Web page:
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Ava Anderson Explores Her Pacific Island Heritage With Plant Sciences

Ava Anderson in forest

Internships offer a wealth of opportunities for students who are looking to more deeply explore areas in which they have a passion and areas of unknown interest. They go beyond teaching students about aspects of the sciences and give them the opportunities to learn and grow as people or discover more about their heritage, as was the case with Department of Horticultural Science student Ava Anderson. 

Anderson was allowed to participate in a Research Experience for Undergraduates (REU) in Environmental Biology for Pacific Islanders. This experience was made possible by the U.S. National Science Foundation (NSF) and is aimed at solving a variety of issues facing indigenous people in the Pacific. The program combined cultural learning and taught undergraduate students about environmental biology within a cohort of students from Pacific Island countries with the hope that they take what they learned to enrich their communities.

pacific islanders research crew
The research crew from the Research Experience for Undergraduates (REU) in Environmental Biology for Pacific Islanders program.

Anderson discovered the program after talking with a friend in the Botany Club here at North Carolina State University. After exploring the NSF website, she applied and was chosen for this program. While the NSF has several programs, Anderson applied for two and was chosen for the beautiful location in Hawaii.

Anderson’s family roots run to the Philippines but she met students from places like Palau, Tonga, and some native Hawaiians while there for her 10-week adventure. She joined a project in progress that focused on Hawaiian sweetpotatoes and was part of two additional projects. While she had a lot of fieldwork experience, she helped a program tracking the number of cultivars on the island. Anderson said, “They were doing leaf scans of the sweetpotatoes so a computer could learn how to better assess them, with the hope of finding how many cultivars they have. Supposedly there are around 300 different cultivars but that could be drastically reduced or there could be more depending upon the variability of the leaves.”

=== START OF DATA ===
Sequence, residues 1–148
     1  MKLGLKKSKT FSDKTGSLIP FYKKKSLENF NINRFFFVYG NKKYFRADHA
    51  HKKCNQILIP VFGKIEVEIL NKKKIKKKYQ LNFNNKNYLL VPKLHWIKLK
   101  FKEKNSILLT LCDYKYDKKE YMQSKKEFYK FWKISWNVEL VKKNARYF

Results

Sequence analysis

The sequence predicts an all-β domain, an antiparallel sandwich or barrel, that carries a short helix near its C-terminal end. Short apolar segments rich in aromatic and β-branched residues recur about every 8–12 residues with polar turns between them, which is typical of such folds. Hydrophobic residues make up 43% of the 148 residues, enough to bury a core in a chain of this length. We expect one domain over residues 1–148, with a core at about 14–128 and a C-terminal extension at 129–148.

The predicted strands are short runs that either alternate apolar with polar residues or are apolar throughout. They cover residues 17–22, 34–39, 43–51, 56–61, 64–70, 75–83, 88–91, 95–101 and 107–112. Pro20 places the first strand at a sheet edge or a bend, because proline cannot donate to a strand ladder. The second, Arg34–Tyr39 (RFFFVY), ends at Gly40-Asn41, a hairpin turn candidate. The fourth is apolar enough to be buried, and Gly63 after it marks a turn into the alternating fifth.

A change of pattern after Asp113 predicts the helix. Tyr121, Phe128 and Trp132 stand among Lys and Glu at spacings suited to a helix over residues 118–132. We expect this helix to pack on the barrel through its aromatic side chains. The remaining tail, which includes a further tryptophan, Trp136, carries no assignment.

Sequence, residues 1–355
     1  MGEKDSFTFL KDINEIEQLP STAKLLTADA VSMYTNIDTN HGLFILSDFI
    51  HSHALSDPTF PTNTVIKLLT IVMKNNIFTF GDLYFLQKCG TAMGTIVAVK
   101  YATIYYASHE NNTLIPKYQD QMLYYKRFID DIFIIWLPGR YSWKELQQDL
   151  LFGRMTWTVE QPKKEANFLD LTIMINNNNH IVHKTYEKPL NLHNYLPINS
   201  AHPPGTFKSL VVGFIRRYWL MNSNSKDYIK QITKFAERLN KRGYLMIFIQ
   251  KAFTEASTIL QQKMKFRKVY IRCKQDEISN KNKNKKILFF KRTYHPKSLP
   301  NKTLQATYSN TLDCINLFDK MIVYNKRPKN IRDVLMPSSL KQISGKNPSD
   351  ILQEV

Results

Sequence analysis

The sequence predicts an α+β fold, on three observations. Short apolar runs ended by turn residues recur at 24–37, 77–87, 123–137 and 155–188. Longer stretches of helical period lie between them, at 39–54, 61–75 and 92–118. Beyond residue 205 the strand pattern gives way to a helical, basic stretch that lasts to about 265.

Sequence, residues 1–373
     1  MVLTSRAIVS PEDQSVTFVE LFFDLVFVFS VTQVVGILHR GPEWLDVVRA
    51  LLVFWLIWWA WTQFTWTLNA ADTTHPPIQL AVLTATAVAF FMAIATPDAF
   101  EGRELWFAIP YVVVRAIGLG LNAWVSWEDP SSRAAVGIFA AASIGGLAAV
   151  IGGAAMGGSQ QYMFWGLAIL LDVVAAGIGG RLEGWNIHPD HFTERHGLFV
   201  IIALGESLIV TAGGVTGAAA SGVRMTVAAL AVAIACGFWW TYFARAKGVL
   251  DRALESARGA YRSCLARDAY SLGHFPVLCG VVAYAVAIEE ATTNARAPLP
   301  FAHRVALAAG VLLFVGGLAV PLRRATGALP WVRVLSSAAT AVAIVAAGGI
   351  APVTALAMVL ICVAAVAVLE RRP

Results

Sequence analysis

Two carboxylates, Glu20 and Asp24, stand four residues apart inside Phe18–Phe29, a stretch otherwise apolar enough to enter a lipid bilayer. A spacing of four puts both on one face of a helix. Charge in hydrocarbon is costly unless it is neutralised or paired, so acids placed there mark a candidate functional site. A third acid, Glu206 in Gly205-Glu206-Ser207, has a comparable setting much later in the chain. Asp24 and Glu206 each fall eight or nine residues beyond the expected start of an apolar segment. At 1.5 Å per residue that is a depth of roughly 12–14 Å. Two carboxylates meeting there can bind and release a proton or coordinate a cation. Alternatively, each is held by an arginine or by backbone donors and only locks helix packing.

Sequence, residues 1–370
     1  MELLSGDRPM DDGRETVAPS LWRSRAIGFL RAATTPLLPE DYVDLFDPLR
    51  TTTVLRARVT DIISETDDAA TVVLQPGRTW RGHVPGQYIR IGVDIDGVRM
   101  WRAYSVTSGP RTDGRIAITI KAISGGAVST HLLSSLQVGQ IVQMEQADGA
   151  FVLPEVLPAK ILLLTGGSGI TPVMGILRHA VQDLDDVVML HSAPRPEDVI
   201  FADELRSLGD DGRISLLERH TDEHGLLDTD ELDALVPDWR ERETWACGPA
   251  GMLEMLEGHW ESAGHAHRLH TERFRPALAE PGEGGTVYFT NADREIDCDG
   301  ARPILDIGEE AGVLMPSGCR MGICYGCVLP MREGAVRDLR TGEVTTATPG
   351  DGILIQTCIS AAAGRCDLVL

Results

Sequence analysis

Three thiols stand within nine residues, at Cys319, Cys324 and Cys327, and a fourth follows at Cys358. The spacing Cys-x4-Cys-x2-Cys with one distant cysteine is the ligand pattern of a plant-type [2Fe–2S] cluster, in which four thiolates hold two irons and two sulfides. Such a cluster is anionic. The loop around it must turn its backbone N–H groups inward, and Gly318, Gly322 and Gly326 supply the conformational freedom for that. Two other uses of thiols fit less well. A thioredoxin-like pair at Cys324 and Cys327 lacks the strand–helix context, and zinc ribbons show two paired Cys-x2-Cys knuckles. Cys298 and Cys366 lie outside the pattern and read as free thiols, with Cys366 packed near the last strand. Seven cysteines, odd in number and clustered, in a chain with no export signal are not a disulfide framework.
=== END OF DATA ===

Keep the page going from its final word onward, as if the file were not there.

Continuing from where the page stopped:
Anderson helped to create a protocol and kit that botanical gardens or other sweetpotato growers could use to build a photographic database of any cultivars they are growing. “They want to create a website where all historical and current information resides so that people can look at what they’re growing and how it fits into what they have. People didn’t have the resources for this so the kit was created,” Anderson said. 

This experience brought far more opportunities than doing research though. Anderson had a family friend on the island who acted as a local tour guide, which was an excellent addition to her time there.

Ava Anderson presenting her research
Ava Anderson presented her research “Understanding existing diversity of Uala in Hawaii and helping ot develop ways to make field botany accessible”.

Anderson said the time in Hawaii created an interest in tropical plant conservation. Another favorite experience from the internship was “having the opportunity to learn about my own culture.” She learned a song in her native Filipino language and some Hawaiian songs too. Anderson found the environment was prime for growing her knowledge about not only her culture but those of the other students from Pacific Island backgrounds. 

At the culmination of her experience, she presented her research to community members and researchers alike. The experience of blending aspects of Hawaiian culture, learning about her own, meeting friends, and sharing stories with other students from around the Pacific taught Anderson that, “there is value in blurring the lines of traditional knowledge and scientific knowledge.” 

She hopes that work like the REU: Environmental Biology for Pacific Islanders program will lead to more information and resources that empower natives to gain more access to land they need to grow while also preserving the environment. Without question, though, the mixture of research, cultural learning, and the overall experience of her program will follow Anderson wherever she goes.

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